Archipelagos of the Indo-West Pacific are considered to be among the richest in the world in biodiversity, and phylogeographic studies generally support either the center of origin or the center of accumulation hypothesis to explain this pattern. To differentiate between these competing hypotheses for organisms from the Indo-West Pacific anchialine ecosystem, defined as coastal bodies of mixohaline water fluctuating with the tides but having no direct oceanic connections, we investigated the genetic variation, population structure, and evolutionary history of three caridean shrimp species (Antecaridina lauensis, Halocaridinides trigonophthalma, and Metabetaeus minutus) in the Ryukyu Archipelago, Japan. We used two mitochondrial genes-cytochrome c oxidase subunit I (COI) and large ribosomal subunit (16S-rDNA)- complemented with ge-netic examination of available specimens from the same or closely related species from the Indian and Pacific Oceans. In the Ryukyus, each species encompassed 2-3 divergent (9.52%-19.2% COI p-distance) lineages, each having significant population structure and varying geographic distributions. Phylogenetically, the A. lauensis and M. minutus lineages in the Ryukyus were more closely related to ones from outside the archipelago than to one another. These results, when interpreted in the context of Pacific oceanographic currents and geologic history of the Ryukyus, imply multiple colonizations of the archipelago by the three species, consistent with the center of accumulation hypothesis. While this study contributes toward understanding the biodiversity, ecology, and evolution of organisms in the Ryukyus and the Indo-West Pacific, it also has potential utility in establishing conservation strategies for anchialine fauna of the Pacific Basin in general. © 2013 Marine Biological Laboratory.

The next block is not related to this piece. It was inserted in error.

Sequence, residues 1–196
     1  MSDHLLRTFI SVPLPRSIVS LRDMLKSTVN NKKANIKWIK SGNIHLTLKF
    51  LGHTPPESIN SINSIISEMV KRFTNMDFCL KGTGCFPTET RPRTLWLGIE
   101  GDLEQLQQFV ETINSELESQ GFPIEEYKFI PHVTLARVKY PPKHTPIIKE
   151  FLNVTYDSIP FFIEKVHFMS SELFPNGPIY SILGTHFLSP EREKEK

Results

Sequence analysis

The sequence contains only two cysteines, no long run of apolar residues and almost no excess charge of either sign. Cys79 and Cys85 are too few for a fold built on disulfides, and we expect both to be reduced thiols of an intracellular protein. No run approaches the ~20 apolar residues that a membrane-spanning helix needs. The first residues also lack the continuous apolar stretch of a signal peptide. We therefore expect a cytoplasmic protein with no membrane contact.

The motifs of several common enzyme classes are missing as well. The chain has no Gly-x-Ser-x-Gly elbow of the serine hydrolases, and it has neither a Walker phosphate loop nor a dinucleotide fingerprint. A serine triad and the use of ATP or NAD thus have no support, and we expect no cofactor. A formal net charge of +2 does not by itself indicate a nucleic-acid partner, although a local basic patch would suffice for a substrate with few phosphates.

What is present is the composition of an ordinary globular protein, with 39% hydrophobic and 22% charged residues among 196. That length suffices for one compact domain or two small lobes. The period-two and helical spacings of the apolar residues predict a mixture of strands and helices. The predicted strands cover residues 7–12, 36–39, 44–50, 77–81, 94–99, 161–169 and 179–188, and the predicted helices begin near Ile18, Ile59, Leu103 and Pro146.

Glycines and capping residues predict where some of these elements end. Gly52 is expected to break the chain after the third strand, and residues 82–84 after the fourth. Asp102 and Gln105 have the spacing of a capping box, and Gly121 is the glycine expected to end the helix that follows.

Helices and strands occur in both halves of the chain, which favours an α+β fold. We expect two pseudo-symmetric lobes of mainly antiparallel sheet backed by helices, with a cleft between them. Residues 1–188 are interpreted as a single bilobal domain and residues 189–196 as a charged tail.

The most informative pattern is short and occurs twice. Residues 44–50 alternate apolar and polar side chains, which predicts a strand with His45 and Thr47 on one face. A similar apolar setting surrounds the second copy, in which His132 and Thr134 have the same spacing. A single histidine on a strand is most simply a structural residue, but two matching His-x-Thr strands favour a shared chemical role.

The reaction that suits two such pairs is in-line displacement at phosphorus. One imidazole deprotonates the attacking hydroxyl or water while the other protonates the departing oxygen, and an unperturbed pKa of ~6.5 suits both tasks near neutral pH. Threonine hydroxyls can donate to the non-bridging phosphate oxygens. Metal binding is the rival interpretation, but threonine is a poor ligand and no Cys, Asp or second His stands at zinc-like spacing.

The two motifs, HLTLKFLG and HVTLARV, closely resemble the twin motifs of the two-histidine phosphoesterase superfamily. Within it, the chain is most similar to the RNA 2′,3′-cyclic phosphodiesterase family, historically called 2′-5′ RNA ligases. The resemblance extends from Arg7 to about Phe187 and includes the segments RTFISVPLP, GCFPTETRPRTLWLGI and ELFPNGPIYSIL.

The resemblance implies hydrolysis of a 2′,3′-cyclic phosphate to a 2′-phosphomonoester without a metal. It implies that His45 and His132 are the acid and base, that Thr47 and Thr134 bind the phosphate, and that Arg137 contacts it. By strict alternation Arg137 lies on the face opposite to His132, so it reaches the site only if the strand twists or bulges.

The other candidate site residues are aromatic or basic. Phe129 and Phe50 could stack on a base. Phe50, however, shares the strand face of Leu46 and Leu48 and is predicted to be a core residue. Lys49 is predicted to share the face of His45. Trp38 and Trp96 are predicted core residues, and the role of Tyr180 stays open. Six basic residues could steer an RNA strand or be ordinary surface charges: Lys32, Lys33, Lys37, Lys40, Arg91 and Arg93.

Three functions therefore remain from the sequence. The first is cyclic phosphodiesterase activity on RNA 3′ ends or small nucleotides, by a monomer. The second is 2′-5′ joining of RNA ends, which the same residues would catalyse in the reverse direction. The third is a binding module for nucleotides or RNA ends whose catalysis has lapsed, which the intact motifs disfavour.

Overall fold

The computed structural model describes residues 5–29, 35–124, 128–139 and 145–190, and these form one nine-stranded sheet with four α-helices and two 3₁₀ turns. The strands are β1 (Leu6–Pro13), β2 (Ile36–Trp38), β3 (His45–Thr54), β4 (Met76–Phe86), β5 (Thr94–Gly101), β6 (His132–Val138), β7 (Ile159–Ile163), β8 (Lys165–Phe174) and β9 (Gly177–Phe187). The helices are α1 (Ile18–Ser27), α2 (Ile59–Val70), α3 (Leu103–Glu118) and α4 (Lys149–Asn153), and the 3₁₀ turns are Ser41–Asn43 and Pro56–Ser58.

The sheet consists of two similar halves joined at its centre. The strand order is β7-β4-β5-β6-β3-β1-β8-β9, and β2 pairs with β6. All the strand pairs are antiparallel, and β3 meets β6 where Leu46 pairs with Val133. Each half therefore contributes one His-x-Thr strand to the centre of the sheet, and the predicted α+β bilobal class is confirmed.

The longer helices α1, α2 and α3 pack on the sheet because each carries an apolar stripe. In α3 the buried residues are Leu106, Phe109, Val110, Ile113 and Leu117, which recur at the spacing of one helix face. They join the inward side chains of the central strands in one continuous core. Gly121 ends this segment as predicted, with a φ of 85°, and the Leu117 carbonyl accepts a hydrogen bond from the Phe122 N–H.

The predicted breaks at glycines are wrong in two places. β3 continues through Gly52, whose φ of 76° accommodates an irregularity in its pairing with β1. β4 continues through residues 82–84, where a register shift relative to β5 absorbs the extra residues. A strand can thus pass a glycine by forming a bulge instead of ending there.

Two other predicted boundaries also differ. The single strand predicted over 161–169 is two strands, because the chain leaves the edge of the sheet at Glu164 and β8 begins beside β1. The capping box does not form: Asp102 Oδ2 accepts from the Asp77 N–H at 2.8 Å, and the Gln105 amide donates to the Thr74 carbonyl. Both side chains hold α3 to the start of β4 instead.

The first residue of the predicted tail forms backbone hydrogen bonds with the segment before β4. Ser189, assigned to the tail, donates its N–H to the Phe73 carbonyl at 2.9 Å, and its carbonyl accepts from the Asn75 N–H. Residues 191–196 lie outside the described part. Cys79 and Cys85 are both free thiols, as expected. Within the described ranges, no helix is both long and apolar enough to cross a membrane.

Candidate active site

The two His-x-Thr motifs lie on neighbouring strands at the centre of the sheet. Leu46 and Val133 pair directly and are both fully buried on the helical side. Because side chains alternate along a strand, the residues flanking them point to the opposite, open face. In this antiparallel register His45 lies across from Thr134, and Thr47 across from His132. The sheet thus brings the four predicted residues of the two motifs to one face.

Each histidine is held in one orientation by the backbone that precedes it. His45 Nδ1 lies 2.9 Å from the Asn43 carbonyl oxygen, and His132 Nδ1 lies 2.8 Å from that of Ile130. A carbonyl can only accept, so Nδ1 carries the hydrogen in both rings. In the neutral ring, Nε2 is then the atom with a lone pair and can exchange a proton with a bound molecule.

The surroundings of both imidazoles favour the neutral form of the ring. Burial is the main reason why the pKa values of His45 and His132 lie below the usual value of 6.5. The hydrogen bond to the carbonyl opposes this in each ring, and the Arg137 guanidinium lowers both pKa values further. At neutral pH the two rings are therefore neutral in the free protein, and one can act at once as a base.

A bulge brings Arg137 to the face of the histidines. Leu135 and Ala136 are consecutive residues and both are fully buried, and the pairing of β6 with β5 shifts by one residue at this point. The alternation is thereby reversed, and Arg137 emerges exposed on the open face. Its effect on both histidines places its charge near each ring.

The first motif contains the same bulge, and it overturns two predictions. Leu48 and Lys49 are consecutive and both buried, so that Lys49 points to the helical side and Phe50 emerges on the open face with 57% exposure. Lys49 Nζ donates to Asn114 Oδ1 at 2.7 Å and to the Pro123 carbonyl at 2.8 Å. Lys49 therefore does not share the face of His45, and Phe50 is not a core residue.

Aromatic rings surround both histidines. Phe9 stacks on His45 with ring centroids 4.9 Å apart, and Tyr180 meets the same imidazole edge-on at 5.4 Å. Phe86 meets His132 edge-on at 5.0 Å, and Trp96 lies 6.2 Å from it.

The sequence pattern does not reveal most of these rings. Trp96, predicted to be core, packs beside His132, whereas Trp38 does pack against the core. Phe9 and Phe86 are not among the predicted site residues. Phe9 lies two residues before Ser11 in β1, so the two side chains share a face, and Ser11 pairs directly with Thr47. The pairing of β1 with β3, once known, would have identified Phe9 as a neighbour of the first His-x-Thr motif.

Havird J.C.,Auburn University | Vaught R.C.,Auburn University | Weeks J.R.,Auburn University | Fujita Y.,University of Ryukyus | And 4 more authors.
Comparative Biochemistry and Physiology -Part A : Molecular and Integrative Physiology | Year: 2014

Crustaceans generally act as oxy-regulators, maintaining constant oxygen uptake as oxygen partial pressures decrease, but when a critical low level is reached, ventilation and aerobic metabolism shut down. Cave-adapted animals, including crustaceans, often show a reduced metabolic rate possibly owing in part to the hypoxic nature of such environments. However, metabolic rates have not been thoroughly explored in crustaceans from anchialine habitats (coastal ponds and caves), which can experience variable oxygenic regimes. Here, an atypical oxy-conforming pattern of oxygen uptake is reported in the Hawaiian anchialine atyid Halocaridina rubra, along with other unusual metabolic characteristics. Ventilatory rates are near-maximal in normoxia and did not increase appreciably as PO2 declined, resulting in a decline in VO2 during progressive hypoxia. Halocaridina rubra maintained in anoxic waters survived for seven days (the duration of the experiment) with no measureable oxygen uptake, suggesting a reliance on anaerobic metabolism. Supporting this, lactate dehydrogenase activity was high, even in normoxia, and oxygen debts were quickly repaid by an unusually extreme increase in oxygen uptake upon exposure to normoxia. In contrast, four related anchialine shrimp species from the Ryukyu Islands, Japan, exhibited physiological properties consistent with previously studied crustaceans. The unusual respiratory patterns found in H. rubra are discussed in the context of a trade-off in gill morphology for osmoregulatory ion transport vs. diffusion of respiratory gasses. Future focus on anchialine species may offer novel insight into the diversity of metabolic responses to hypoxia and other physiological challenges experienced by crustaceans. © 2014.